Honouring Pioneering Women in Science and Art
Australian Museum celebrates legacy of two of our great scientific illustrators in stunning exhibition Transformations: Art of the Scott Sisters.
23 January 2017, Sydney: In celebration of its 190th anniversary, the Australian Museum (AM) – the nation’s first museum – presents exquisite 150 year old illustrations from two of Australia’s most prominent 19th century natural history artists, sisters Helena and Harriet Scott, from 7 February – 25 June, 2017.
Transformations: Art of the Scott Sisters features more than 40 delicate watercolours, rarely-seen notebooks, handwritten manuscripts and letters, as well as large animated projections of butterflies and moths based on the original illustrations of Harriet (Hattie) and Helena (Nellie) Scott.
Kim McKay AO, Australian Museum Director and CEO, the first woman to hold the role in the AM’s history, said Hattie and Nellie Scott exuded wit, intelligence and scientific expertise at a time when these qualities were largely attributed solely to men.
“The sisters were incredibly talented and determined to make a difference, flying in the face of gender norms of the time, yet they were unable to study science formally at Sydney University as they had wished,” she said. “Their work at the Australian Museum in the 1850’s to 1870’s provided them with an outlet for their extraordinary talents, having been taught the techniques to paint flora and fauna by their father, A.W Scott, who was also an artist and scientist. He shared with them the scientific skills to observe, collect and record behavioural and distribution data,” she said.
Paintings created by the sisters between1846 and 1851 for their father’s landmark publication Australian Lepidoptera and their Transformations – depicting caterpillars in life-like poses, gorgeous butterflies and native flowers – are considered to be among their finest work, and are still used by scientists today.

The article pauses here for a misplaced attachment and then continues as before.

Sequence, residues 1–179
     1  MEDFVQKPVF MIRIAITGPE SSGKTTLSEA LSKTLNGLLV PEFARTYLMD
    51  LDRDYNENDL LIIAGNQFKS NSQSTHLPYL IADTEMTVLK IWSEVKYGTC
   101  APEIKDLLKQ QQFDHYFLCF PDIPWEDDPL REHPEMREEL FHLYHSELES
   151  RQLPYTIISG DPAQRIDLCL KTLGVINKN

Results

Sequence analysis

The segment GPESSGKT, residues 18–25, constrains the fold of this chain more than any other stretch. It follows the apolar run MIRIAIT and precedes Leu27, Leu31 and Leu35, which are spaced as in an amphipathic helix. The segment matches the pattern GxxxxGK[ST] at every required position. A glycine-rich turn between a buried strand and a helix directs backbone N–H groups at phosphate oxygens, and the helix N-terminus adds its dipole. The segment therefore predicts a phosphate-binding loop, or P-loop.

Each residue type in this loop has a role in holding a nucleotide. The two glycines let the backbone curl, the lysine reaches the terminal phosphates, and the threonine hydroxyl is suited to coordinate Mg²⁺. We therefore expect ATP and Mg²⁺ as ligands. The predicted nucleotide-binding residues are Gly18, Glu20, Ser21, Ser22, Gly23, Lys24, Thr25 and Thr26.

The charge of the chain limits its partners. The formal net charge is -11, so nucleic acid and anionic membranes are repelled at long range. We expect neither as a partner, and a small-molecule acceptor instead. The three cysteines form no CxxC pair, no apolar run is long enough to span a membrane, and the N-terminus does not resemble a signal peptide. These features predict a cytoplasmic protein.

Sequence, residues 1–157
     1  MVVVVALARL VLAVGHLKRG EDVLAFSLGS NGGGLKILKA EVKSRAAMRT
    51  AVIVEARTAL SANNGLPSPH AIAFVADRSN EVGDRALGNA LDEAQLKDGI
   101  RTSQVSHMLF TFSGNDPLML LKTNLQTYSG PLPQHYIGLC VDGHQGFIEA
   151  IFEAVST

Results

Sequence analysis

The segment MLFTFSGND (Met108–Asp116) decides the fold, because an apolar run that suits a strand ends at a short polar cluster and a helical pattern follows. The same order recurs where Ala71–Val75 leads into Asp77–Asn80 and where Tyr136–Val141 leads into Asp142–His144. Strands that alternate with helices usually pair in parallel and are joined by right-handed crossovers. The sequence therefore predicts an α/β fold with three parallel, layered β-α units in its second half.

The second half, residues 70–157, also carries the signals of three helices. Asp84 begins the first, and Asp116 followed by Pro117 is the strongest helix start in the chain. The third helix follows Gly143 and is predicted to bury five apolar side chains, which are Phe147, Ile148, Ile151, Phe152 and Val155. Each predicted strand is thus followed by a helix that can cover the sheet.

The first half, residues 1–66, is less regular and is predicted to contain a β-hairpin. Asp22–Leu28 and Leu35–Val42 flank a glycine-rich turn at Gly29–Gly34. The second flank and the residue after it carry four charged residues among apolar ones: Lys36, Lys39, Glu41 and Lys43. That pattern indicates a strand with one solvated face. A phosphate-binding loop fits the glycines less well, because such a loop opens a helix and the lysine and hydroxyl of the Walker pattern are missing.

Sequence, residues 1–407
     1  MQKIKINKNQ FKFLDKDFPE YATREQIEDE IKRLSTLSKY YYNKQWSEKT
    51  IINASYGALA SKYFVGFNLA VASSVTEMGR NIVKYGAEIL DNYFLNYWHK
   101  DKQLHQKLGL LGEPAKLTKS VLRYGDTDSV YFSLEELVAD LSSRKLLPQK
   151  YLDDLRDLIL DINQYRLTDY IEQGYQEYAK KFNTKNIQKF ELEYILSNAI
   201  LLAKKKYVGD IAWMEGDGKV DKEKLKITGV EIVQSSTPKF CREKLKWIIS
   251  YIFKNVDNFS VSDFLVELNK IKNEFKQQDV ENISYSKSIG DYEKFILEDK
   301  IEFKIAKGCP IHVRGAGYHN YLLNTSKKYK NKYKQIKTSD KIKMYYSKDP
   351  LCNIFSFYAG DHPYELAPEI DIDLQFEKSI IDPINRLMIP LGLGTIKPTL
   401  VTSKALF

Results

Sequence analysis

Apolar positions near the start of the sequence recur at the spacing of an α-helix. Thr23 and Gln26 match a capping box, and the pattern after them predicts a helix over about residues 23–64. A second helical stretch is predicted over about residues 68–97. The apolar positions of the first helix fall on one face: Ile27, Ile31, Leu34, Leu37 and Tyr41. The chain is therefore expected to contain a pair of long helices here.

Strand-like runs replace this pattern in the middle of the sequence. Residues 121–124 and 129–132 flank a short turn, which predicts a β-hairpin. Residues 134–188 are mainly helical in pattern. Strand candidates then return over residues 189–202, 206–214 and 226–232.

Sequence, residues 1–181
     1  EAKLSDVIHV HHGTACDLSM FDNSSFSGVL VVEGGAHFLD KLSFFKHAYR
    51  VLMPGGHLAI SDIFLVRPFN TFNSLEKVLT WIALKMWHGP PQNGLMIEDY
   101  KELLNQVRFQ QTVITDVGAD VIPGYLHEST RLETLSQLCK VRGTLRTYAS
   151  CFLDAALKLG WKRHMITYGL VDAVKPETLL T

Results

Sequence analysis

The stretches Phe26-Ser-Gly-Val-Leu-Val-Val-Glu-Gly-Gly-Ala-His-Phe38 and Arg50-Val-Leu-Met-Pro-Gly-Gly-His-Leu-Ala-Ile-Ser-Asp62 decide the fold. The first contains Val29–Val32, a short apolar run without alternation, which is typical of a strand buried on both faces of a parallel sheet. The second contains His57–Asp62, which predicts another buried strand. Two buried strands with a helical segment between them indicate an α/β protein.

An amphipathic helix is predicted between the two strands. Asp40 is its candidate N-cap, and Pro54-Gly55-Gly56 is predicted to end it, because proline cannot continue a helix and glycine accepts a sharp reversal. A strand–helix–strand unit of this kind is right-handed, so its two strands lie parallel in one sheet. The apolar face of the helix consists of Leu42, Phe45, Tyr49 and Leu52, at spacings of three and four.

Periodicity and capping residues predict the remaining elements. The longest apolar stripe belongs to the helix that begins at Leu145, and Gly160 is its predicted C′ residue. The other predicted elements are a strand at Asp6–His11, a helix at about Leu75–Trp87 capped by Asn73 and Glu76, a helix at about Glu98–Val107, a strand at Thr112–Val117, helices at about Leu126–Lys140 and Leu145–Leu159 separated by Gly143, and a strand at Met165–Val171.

The success of the Lepidoptera opened many doors for the sisters. Over the following decades they would produce most of the art for science publications in Sydney, including then-curator of the AM Gerard Krefft’s Snakes of Australia (1869), Australian Fossil Remains (1870) and Mammals of Australia (1871).
Australian Museum Entomologist, Derek Smith said the sisters’ work had been incredibly valuable to generations of scientists.
“The Scott sisters were among the first to illustrate the life stages of Australian moths and butterflies. They were meticulous and understood the biology of their subjects in great detail,” Smith said.
Visitors to Transformations: Art of the Scott Sisters are invited to turn back the pages and discover the captivating story of these two extraordinary women, whose love of nature and tremendous skill in rendering its beauty enabled them to distinguish themselves amid the male-dominated world of 19th century science.
Transformations: Art of the Scott Sisters
7 February – 25 June 2017, 9.30-5pm daily.
Entry included with General Admission.
Australian Museum’s 190th Anniversary
In 2017, the Australian Museum (AM) celebrates 190 years, marking its significant role as the nation’s first museum. In the lead up to its bicentenary, the AM is embarking on major transformation plans to secure its place as the leading natural science and culture museum in the region. Learn more about the AM’s Master Plan.
As part of the 190th celebrations, the AM invites everyone to spend their birthday with us for free. Claim a free entry on your birthday by registering online.
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Claire Vince | Media & Communications Advisor
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